2010 was shaping up to be worse still, with the team currently on pace for a 64-98 record, and some of Hinch's statement seemed to admit frankly that he was on a death-watch. Less than a month ago, he said, "I'm not going to run from our reality, and the group hasn't responded that well to me. Now I'm scratching and clawing trying to find the right solution." That kind of admission is hardly going to inspire any kind of confidence in your bosses, and I can't say his firing came as a surprise. Hinch leaves with a record of 89-123 in his time as manager, and about 2 1/2 years left on his contract, albeit likely at a price around that of a major-league minimum player.

"I think it was something we felt was coming It was definitely time for a change After everything went down last year and the way we continued to lose, it kind of snowballed. Then it went on this year and it became obvious that it was time for a change. The atmosphere was not good. Between the lines we played hard, but there was something missing. I'm not going to tell you the change will cause us to go out and win 10 straight. But I think you're going to see much more enjoyment from the players in between the lines, in the dugout and in the clubhouse. There is an unbelievable amount of talent here."
   -- Chris Snyder

For Josh Byrnes, the situation is somewhat different. His contract ran all the way through through 2015, and he also had a stake in the ownership of the team - Fox Sports reports that the moves will cost the team more than $7 million all told. According to Fanhouse's Ed Price, Byrnes was fired after he refused to get rid of Hinch - if true, my personal feelings are that this shows an admirable degree of loyalty, but common sense... Not so much. But in some ways it was inevitable: Byrnes nailed his personal credibility to the mast with the hiring of Hinch, and the failure of that radical move may have left the GM with few options. Those who live by "organizational advocacy"...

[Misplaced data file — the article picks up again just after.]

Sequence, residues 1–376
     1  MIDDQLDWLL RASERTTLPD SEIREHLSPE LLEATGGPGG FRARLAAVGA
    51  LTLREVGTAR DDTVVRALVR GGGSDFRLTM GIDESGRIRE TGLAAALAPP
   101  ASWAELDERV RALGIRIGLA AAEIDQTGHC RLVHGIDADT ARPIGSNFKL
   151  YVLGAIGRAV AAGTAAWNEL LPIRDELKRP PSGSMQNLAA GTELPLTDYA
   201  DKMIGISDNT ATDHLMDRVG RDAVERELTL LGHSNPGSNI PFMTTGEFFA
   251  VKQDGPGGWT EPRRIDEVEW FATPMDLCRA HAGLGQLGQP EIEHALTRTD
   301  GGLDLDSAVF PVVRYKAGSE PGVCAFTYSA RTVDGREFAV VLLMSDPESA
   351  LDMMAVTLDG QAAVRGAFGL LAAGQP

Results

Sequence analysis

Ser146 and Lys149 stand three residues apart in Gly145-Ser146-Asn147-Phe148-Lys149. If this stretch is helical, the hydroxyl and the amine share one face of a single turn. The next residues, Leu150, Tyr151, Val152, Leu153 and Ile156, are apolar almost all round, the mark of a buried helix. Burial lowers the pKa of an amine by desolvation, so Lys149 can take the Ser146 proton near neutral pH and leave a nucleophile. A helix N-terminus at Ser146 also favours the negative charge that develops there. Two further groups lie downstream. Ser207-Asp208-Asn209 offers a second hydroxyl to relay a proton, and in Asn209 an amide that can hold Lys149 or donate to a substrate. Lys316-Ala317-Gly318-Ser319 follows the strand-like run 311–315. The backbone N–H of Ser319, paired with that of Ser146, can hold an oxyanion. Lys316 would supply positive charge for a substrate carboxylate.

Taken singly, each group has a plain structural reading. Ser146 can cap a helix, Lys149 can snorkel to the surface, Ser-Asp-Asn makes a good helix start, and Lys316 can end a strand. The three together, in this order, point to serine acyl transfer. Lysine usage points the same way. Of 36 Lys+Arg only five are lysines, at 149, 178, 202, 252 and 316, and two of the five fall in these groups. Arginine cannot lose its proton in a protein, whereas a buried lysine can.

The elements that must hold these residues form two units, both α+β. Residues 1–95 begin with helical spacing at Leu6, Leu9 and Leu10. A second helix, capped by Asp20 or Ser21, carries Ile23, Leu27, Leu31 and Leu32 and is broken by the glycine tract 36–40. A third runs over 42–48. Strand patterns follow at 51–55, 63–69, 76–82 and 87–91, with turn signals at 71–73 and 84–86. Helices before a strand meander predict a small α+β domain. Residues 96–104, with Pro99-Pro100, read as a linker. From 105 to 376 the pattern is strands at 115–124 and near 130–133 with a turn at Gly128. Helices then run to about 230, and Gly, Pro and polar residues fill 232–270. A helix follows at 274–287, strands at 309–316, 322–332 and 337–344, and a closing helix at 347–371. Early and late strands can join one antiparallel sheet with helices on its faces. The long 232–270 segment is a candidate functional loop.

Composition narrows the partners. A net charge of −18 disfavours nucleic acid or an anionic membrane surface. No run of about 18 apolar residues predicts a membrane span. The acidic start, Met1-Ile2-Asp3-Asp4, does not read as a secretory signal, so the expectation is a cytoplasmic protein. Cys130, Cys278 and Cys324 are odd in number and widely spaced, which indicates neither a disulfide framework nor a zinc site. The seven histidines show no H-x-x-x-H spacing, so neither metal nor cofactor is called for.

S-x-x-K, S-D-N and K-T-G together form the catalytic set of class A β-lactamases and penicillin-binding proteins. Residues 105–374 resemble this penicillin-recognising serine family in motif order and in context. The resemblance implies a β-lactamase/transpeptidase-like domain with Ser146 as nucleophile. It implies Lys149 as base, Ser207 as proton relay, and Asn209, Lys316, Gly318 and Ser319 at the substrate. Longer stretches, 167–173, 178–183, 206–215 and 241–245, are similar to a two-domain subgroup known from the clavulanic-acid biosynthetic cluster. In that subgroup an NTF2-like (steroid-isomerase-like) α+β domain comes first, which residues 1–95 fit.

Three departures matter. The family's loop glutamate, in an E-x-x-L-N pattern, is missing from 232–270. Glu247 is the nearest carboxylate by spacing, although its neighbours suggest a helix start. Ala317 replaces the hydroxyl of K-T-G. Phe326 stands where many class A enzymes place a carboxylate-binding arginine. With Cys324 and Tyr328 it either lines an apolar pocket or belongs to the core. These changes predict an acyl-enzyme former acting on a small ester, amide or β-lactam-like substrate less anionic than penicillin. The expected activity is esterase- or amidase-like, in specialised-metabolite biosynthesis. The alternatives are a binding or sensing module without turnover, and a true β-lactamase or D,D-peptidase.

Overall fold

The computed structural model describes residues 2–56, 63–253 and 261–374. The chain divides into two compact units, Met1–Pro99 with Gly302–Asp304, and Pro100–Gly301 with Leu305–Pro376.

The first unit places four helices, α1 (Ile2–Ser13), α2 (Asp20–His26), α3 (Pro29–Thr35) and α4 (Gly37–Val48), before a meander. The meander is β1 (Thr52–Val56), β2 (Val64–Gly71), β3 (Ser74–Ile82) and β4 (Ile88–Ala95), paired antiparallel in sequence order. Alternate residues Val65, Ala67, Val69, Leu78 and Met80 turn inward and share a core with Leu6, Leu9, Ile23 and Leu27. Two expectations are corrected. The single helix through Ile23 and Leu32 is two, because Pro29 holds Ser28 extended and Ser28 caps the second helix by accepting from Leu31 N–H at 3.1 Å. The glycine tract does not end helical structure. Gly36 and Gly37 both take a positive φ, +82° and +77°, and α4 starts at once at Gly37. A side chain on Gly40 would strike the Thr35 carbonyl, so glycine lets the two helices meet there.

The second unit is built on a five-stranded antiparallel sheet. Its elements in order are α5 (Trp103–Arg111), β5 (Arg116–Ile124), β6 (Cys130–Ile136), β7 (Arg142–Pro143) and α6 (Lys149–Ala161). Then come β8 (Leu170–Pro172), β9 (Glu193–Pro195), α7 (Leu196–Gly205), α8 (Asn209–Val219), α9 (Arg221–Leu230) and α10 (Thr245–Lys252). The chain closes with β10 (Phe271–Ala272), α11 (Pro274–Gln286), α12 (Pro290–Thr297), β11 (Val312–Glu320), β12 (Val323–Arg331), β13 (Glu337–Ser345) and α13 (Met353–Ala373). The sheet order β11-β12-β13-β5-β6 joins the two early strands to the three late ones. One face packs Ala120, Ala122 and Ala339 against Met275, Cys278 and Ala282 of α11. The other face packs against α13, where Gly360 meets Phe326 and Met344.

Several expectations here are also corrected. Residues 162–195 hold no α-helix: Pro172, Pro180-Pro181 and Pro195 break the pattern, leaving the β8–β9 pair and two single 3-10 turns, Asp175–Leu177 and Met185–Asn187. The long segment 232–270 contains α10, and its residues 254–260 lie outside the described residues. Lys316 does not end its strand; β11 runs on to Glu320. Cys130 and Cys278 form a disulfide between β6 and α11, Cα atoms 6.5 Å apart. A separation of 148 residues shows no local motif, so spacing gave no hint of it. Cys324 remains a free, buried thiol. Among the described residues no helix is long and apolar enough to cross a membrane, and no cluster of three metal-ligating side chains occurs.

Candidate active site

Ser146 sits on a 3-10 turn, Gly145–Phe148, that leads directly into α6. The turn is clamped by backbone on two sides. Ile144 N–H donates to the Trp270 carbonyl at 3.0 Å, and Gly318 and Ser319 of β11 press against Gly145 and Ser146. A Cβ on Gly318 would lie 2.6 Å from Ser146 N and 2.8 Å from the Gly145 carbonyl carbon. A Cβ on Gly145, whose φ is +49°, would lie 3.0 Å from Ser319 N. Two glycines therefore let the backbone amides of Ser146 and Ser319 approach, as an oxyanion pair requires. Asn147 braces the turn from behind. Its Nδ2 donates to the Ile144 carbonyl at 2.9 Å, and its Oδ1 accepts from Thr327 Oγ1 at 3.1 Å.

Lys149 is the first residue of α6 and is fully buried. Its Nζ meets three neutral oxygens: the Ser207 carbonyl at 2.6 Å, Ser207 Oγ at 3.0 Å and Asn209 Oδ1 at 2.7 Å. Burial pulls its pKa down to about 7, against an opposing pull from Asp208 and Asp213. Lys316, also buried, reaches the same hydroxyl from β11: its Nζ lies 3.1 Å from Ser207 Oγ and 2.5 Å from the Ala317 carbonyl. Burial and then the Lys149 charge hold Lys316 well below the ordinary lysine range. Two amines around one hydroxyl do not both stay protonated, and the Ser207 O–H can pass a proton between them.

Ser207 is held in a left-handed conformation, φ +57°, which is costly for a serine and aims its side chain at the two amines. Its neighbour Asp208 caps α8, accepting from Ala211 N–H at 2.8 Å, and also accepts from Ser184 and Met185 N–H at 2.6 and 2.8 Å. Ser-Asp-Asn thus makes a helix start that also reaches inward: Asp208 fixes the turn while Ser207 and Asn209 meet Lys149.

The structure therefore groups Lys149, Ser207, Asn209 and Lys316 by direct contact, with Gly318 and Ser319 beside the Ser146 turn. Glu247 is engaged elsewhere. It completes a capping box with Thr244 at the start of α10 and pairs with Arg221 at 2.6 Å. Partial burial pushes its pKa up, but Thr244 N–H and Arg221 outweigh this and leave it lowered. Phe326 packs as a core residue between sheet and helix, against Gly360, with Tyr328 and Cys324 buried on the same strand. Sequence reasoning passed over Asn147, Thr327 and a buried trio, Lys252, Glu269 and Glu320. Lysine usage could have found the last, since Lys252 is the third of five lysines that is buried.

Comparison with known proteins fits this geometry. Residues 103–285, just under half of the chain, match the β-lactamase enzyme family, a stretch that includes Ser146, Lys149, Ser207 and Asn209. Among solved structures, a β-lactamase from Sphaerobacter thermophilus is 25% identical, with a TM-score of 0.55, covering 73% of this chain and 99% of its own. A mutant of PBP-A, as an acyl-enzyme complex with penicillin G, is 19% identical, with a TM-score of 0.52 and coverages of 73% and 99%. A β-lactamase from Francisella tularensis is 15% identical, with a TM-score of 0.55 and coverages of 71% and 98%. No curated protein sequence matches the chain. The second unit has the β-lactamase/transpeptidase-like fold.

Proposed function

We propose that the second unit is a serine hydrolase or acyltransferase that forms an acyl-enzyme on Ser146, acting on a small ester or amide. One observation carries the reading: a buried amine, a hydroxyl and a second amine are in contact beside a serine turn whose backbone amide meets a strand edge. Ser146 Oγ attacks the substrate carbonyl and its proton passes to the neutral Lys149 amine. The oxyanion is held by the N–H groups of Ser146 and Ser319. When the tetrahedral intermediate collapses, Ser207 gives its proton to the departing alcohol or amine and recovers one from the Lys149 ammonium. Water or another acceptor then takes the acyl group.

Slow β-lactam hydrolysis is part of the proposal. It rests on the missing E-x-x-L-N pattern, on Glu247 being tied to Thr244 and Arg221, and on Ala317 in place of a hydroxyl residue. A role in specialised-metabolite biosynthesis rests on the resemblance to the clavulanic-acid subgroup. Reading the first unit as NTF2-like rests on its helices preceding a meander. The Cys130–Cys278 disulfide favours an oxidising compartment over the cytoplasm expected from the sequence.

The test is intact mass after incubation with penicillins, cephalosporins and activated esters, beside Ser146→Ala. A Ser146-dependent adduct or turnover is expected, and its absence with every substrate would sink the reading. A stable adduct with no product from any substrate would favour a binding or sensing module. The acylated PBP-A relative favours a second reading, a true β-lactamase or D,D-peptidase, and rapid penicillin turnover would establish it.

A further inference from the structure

There'll be dancing on the virtual streets of, as their two favorite whupping-boys get taken out in a baseball version of Operation Hummingbird. However, not everyone is impressed. Jeff Passan of Yahoo! described the move as "organizational stupidity," and wrote, "The Diamondbacks owners seem intent on running their franchise to appease a fan base that couldn’t sell out a playoff game three years ago." The news also seems to have been greeted with pleasure by rival teams. Buster Olney tweeted that one high-ranking executive told him, "They just tore apart one of the best front offices in baseball," and another GM called the changes "Absolutely crazy."

As has already been documented, bench coach Kirk Gibson will take over as interim manager, with Jerry Dipoto, the Diamondbacks' director of player personnel, becoming the interim GM. From what I have been seeing, the emphasis is definitely on the word "interim" in both cases - I think we'll not be seeing a repeat of the lengthy contracts handed out to Hinch and Byrnes in the immediate future. It's also something of a rarity to see a GM fired in the middle of a season: Bill Bavasi of the Mariners, who was canned in June 2008 is the only one I could immediately find.